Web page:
Tug Madeline - Lofting and Creation of Parts and Plates

In the fall of 2006, Bay Marine, Inc., in Barrington, RI, hired Oak Hill Marine Design to provide CAD data for the detail design of an 80' tug. The hull design incorporated several chines, a large skeg, and twin Z-drives aft. The superstructure consisted of a deck house with a faceted pilothouse.

Wilmington Tug MadeLine Wilmington Tug's MadeLine - The finished vessel underway. (Photo by Thomas Birk)

Working with AeroHydro's MultiSurf and an included macro, we translated the original designer's AutoCAD-format 2D lines into plan, profile, and section line-strings in MultiSurf. We then matched these with 3D B-spline curves, using those as edges for the hull, skeg, and main deck surfaces. The resulting lines were checked and approved by the designer.

With the basic shape of the hull model modeled, we created the internal structure, including sections for transverse bulkheads and frames of differing thicknesses, longitudinal stiffeners and girders, and angled stiffeners and frames. Skeg diaphragms were also modeled, with one side of each trimmed to accept a flat bar for plug-welding the plating.

Since the vessel would be built in modules, break lines and extended plate edges were added to the model. These, along with structure molded lines and reference water lines were exported on the expanded plate shapes, which went to Bay Marine as CAD files to be detailed for CNC cutting.

Hull Plates Hull Plates - Expanded surfaces of the hull plates. All include provision for corner-to-corner joints, butts, etc., so edge trimming is minimal.

Structural sections, along with plan, profile, and fore and aft views of plates in place were sent to Bay Marine for use in construction drawings.

The vessel's fore and aft decks had to be cambered fore and aft, as well as port to starboard. Each deck was modeled in MultiSurf as a continuous surface, then individual plates were laid out on each surface. Wherever possible, these plates were dimensioned so as to be 20' x 8' after expansion with AeroHydro's FlattenerTM application. The deck plates varied in thickness, but this was automatically taken into account in the plate expansion.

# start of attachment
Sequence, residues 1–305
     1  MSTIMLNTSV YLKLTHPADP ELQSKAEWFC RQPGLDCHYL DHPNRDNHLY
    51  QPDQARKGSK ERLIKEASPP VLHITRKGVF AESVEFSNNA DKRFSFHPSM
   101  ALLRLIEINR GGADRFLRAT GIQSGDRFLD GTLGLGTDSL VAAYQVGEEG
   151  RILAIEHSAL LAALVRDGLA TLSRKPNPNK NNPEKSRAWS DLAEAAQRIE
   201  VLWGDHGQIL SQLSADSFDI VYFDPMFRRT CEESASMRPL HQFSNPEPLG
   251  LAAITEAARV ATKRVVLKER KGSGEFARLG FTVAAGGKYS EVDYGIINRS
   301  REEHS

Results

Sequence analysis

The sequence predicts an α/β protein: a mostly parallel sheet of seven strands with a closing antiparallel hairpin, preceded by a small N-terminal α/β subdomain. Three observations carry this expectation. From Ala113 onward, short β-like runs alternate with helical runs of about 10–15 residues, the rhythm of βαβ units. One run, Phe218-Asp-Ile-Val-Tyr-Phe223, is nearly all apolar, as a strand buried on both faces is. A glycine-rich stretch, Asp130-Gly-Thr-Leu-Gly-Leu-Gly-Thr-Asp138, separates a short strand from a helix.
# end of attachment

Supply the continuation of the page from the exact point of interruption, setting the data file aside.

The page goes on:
Deck Plate Arrangement Fwd Deck Plates Fwd Deck Plates Mid Deck Plate Arrangement Fwd, Deck Plates Fwd, and Deck Plates Mid

The aft deck not only had plates of different thicknesses, but it also had insert plates for additional strength. All plate outlines were overlaid on the basis surface then, exported as expanded surfaces, complete with frame and longitudinal molded lines.

Deck Plate Arrangement Aft Deck Plates Aft Deck Plate Arrangement Aft, Deck Plates Aft

The superstructure consisted of a deck house with pilothouse above. The deck house front had angled corners and inward sloping surfaces above the window line. It also had internal ducts and stairwells which required modeling, as they were all part of the deck house structure.

Deck House Wireframe Deck House Wireframe - A view of the 3D deck house model, showing the angled surfaces on the front, sides, and rear, intakes, and internal bulkheads. Deck house structure is also shown, including tees, flat bars, and cut plates.

The pilothouse front, sides, and rear sloped outward from bottom to top, then sloped inward toward centerline for an upper set of windows. Aft, the plating was framed with flat bar and cut plates; tee stiffeners were installed forward, located on the plate intersections. We modeled the plate shapes, exporting them for CNC cutting, as well as the tees. The latter provided us with cut lengths and angles for the builder.

Pilothouse Wireframe Madeline Pilothouse Pilothouse Wireframe, Madeline Pilothouse

As usual, we provided Bay Marine a wireframe model for hydrostatic analysis, and offset tables of the hull and superstructure for the builder's use when erecting the frames.

Background photograph by Alison Hudson